The previous member who spoke talked about the public pressure, which is the reason this motion was brought in. Are we to keep the House open because of public pressure, or because there is legislation to be debated? Because, under this particular motion we could have the House open without any legislation to debate, but because we brought this amendment in, if we were all to vote in favour of this amendment, we would be sitting here wondering what to debate if there is no legislation on the floor and ready for debate.

You have to be practical as well, Mr. Speaker. It is not about deciding to open the doors of the Legislature, call all of the members in, and not know what we are going to talk about. The House does not sit much differently in the number of days under this government than it did under the former Premier who I just spoke about. It is a similar number of days, but some of the rules have changed. I remember the Finance critic back in those days being able to speak for three, four, and five days, unlimited time. That is no longer the case today. Some of the rules have changed, which means that some of the reasons the House would sit longer in those days or should have sat longer are no longer in place; yet, there is not that great a difference in the number of days, I would be willing to guess, if you go back and look at some of the days. There was very rarely a May 24 weekend that we had not adjourned the House for the summer back in the 1990s and the early part of the 2000s. The last two or three years, Mr. Speaker, I was wondering if we were going to be closed before the end of June.

The motion that is brought in here, we have to be cautious what we wish for, I say to members. I am speaking from experience. I have been here now - I am into my seventeenth year. I know how the House operated in the 1990s and I know how it operates today.

We can talk about family-friendly, but this is a more family-friendly Legislature today, Mr. Speaker, than it was in the 1990s. I can guarantee you that.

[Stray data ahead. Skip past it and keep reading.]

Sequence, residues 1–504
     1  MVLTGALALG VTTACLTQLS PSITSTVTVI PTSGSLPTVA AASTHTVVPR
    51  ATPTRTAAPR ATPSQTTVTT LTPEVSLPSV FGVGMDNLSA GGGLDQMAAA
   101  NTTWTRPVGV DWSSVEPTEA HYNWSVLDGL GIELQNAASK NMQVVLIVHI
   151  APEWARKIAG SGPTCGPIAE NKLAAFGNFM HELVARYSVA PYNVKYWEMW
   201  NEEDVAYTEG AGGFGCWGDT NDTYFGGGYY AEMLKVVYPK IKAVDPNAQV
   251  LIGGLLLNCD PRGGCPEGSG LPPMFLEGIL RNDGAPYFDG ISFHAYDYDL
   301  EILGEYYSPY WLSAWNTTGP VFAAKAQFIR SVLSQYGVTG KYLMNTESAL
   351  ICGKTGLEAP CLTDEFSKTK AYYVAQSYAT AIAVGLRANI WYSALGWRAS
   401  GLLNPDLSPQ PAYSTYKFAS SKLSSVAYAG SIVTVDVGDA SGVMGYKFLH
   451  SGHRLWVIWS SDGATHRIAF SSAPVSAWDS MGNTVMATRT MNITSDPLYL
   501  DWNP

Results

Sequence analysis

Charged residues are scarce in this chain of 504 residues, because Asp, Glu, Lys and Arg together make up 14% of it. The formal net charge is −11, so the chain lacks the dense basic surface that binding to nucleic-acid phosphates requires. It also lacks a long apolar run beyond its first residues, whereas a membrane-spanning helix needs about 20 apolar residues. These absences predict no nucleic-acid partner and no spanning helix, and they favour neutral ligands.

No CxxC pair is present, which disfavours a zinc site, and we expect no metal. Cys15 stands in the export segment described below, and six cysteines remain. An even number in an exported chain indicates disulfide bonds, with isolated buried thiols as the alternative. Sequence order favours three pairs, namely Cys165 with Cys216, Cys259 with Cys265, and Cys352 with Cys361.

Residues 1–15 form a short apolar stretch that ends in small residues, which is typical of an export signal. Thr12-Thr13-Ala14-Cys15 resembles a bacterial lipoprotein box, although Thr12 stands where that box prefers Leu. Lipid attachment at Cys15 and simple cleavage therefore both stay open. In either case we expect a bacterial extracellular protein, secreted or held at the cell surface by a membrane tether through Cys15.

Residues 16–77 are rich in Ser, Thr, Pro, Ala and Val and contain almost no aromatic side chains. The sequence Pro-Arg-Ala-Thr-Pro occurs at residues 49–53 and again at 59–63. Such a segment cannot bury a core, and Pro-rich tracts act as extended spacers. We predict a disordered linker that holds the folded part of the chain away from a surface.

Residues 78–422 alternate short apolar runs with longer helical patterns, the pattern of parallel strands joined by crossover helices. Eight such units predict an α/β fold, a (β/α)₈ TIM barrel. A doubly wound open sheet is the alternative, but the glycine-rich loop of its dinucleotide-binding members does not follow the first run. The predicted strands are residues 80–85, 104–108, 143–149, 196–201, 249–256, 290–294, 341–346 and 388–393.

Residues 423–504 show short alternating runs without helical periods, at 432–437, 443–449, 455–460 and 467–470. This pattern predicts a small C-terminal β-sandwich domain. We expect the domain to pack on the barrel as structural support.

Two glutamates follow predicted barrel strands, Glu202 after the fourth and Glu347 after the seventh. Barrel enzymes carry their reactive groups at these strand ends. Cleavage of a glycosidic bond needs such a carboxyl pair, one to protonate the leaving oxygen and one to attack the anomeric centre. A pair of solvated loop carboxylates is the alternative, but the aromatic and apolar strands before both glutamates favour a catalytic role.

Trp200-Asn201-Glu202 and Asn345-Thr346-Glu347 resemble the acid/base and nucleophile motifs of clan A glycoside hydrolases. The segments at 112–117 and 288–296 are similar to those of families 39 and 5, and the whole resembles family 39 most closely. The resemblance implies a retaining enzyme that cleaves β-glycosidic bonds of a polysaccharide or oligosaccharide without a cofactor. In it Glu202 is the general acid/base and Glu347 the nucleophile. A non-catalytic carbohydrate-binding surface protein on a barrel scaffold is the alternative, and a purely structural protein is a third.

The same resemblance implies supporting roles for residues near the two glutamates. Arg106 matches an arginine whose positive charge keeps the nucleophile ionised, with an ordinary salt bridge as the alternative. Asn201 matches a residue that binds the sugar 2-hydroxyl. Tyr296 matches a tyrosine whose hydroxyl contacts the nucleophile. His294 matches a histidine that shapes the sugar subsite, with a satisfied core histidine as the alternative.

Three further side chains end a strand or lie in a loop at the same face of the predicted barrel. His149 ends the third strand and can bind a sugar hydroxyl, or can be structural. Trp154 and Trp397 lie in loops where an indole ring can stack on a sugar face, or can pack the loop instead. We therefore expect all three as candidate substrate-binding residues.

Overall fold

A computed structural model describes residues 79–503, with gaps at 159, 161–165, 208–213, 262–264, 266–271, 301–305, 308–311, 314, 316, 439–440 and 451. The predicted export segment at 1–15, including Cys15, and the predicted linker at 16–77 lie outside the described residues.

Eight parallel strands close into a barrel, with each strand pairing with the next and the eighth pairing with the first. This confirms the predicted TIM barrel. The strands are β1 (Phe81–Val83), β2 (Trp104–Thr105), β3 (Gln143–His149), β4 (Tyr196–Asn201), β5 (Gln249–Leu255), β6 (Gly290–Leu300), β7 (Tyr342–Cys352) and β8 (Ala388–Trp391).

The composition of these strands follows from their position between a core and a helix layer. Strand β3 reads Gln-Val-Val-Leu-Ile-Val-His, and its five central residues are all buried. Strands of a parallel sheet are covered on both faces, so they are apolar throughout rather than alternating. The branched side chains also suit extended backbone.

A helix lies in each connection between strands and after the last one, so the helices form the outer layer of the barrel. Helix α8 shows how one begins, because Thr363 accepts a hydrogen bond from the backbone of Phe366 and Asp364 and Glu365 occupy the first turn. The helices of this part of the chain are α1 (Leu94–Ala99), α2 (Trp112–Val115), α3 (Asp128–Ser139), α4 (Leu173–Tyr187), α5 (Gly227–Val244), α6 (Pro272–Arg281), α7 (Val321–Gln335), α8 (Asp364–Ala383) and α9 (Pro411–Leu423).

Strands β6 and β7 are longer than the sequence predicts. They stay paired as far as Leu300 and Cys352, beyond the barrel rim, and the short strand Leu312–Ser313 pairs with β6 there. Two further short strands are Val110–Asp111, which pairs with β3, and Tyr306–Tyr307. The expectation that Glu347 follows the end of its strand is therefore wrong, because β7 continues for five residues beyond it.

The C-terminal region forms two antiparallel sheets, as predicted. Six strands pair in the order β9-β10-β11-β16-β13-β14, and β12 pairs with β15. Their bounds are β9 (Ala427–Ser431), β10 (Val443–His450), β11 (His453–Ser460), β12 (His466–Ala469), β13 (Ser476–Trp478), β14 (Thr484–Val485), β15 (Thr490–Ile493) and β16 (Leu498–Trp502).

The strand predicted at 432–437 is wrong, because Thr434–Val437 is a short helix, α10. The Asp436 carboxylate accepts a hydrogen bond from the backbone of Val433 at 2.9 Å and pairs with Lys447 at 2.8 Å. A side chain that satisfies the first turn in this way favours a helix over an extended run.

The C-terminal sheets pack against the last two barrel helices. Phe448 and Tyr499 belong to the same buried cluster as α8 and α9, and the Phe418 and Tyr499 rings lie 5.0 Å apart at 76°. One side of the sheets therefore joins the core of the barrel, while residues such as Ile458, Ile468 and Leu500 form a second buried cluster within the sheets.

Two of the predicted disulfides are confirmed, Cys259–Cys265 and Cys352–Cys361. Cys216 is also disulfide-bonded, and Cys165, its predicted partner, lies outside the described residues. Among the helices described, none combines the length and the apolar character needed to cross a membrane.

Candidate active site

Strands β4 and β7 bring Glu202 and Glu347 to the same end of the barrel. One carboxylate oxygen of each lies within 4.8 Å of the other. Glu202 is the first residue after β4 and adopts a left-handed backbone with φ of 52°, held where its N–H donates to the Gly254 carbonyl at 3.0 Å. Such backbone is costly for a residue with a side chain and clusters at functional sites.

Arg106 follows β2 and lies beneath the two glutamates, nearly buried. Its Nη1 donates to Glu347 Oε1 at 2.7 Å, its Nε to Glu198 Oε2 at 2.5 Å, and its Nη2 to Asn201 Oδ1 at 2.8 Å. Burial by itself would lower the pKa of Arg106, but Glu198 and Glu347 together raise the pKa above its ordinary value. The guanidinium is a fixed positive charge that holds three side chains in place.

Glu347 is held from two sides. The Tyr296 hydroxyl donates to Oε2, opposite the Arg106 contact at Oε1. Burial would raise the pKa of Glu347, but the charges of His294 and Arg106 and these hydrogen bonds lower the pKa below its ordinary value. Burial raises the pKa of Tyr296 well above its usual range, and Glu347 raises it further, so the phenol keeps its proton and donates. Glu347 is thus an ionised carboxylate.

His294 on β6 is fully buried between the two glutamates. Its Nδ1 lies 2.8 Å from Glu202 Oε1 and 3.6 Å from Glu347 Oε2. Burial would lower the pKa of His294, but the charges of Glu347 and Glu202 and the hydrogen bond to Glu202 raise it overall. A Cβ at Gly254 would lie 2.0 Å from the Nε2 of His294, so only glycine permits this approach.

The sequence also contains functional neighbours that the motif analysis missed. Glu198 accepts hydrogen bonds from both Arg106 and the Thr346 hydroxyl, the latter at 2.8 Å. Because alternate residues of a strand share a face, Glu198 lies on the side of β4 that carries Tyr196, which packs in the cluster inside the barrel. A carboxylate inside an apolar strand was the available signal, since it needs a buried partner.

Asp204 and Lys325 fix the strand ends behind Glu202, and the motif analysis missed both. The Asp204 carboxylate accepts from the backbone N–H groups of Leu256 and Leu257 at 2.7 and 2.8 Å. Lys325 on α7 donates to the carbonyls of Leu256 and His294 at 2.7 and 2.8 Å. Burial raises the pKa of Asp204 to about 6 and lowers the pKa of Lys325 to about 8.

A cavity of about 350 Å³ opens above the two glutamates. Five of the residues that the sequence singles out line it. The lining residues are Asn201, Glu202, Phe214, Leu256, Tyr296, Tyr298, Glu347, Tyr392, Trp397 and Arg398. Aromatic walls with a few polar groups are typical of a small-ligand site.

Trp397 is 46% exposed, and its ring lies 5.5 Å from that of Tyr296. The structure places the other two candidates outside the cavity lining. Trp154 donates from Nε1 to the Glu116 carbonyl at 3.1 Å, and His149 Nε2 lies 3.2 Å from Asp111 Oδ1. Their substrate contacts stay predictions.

SOME HON. MEMBERS: Hear, hear!

MR. OSBORNE: Mr. Speaker, there are things that we debate in this Legislature, and I know because when we were in Opposition we used every trick in the book, legislatively, to keep the House open. We used every legislative tool in the tool chest to be able to keep the House open on pieces of legislation we needed to debate.

Mr. Speaker, you can say what you like, but the Opposition does have the ability to keep the House open on pieces of legislation they disagree with. There is time to scrutinize and debate legislation. You do not need this particular motion to be able to do that, and I speak from experience.

I see, Mr. Speaker, that it is 4:45 p.m. and the time for me to speak is concluded. I thank you for the time to speak.

SOME HON. MEMBERS: Hear, hear!

MR. SPEAKER: The hon. the Member for Burgeo – La Poile.

MR. A. PARSONS: Thank you, Mr. Speaker.

I appreciate the opportunity to conclude the debate on this private member's resolution that I brought here today. I do appreciate the comments that have been made here to this resolution by all the members, regardless of their side. What I think I am going to do, Mr. Speaker, is just touch on some of these that have been made and sort of give my rebuttal, why I think that what I am suggesting is something that the government should consider.